Summer Bridge Enrichment Program
The goals of the Summer Enrichment Program include: 1) recruiting high school seniors to attend Oakwood University in STEM disciplines, 2) preparing the students for Calculus 1, and 3) preparing students for future academic success.
The Summer Enrichment Program is a two-week program that allows high-school senior to experience: (i) Oakwood University, prior to their enrollment in the fall term, (ii) provide them with the necessary skills to enter into and successfully matriculate through Precalculus Algebra/Trigonometry and Calculus 1 and (iii) sharpen their critical thinking, comprehensive and study skills for future academic success. It is expected that each student who matriculates through the program will enroll ar Oakwood university in a STEM discipline, pass Precalculus Algebra/Trigonometry and Calculus 1 in his/her freshman year, conduct research or perform STEM rekated activities throughout each school year, conduct summer research and/or have a summer internship, graduate with a degree in a STEM discipline and pursue a graduate degree or enter the workforce in a STEM discipline.
An essential element of undergraduate preparation for graduate school is hands-on experience under the tutelage of established on and off campus researchers. Through this encounter, students will develop interests in research, skills required to communicate results in poster or oral presentations at national scientific conferences, and publish in peer-reviewed journals.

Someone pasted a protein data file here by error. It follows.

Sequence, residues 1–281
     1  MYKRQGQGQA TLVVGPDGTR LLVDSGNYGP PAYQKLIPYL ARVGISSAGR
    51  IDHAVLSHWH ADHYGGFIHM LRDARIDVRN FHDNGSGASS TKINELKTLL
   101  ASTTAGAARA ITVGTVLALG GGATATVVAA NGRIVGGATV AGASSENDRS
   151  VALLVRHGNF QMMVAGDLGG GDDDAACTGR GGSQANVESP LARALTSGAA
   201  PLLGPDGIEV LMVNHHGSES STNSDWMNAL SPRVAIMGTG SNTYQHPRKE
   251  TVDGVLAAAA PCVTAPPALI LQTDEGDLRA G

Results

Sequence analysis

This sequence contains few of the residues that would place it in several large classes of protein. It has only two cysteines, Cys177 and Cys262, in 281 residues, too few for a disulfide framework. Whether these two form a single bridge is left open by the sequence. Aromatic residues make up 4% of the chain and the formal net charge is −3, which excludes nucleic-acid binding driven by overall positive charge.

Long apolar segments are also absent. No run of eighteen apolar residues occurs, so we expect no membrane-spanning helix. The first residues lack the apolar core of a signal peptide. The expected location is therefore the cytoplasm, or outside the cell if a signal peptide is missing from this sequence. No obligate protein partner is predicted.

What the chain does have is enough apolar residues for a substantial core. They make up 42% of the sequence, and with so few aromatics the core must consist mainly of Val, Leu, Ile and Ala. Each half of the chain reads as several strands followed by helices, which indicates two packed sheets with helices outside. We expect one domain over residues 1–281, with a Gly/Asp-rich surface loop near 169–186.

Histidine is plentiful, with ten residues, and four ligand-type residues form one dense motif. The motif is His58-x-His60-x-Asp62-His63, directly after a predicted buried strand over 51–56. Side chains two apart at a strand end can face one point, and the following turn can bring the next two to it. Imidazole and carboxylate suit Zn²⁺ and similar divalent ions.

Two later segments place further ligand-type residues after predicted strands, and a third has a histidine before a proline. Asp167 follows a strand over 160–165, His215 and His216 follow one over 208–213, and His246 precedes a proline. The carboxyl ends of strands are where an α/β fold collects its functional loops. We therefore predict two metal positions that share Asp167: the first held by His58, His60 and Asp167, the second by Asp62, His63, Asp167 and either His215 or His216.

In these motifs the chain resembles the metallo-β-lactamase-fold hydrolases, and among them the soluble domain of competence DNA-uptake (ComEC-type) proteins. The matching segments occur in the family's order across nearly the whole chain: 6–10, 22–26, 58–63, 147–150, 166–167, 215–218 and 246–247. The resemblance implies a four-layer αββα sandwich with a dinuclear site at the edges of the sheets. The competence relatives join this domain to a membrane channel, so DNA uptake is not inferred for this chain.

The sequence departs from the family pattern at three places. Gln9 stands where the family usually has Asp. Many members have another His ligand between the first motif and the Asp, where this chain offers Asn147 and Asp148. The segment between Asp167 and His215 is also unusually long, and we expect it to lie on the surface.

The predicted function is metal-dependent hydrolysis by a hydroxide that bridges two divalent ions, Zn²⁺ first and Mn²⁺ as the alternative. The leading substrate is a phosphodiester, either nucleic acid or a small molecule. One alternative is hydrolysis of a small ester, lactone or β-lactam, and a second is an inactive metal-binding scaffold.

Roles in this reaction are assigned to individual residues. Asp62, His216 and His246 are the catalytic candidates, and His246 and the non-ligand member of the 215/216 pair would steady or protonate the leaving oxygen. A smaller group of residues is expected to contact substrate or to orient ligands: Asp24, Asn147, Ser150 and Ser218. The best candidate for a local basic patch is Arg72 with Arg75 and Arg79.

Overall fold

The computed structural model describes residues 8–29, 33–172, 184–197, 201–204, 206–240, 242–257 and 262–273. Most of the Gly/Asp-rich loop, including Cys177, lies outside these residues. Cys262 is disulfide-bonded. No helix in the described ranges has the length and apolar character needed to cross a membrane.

The first academic year ten sophomore or junior STEM majors will conduct research with faculty members. These students will serve as mentors for the Bridge students during their freshman year preparing them for research the summer after their freshman year.
The second summer, each student will be paired with an on-campus faculty member based on his or her initial area of research interest. Research mentors will provide students with an appropriate research project and take the responsibility for training the student in the implementation of the research project.
The introduction of appropriate role models to underrepresented minority students may be one of the most significant enrichment activities leading students to pursue doctoral degrees. Researchers in the natural sciences from Alliance Institutions, and others will be invited to give presentations on their on-going research careers relevant to current problems. They will present cutting-edge information in nanoscience, bioinformatics, chemical engineering, surface chemistry, environmental chemistry, proteomics, microbiology, genetics, molecular biology, math and physics. The continual exposure to role model scientists will build the awareness and confidence students will need to realize that they can also become successful scientists.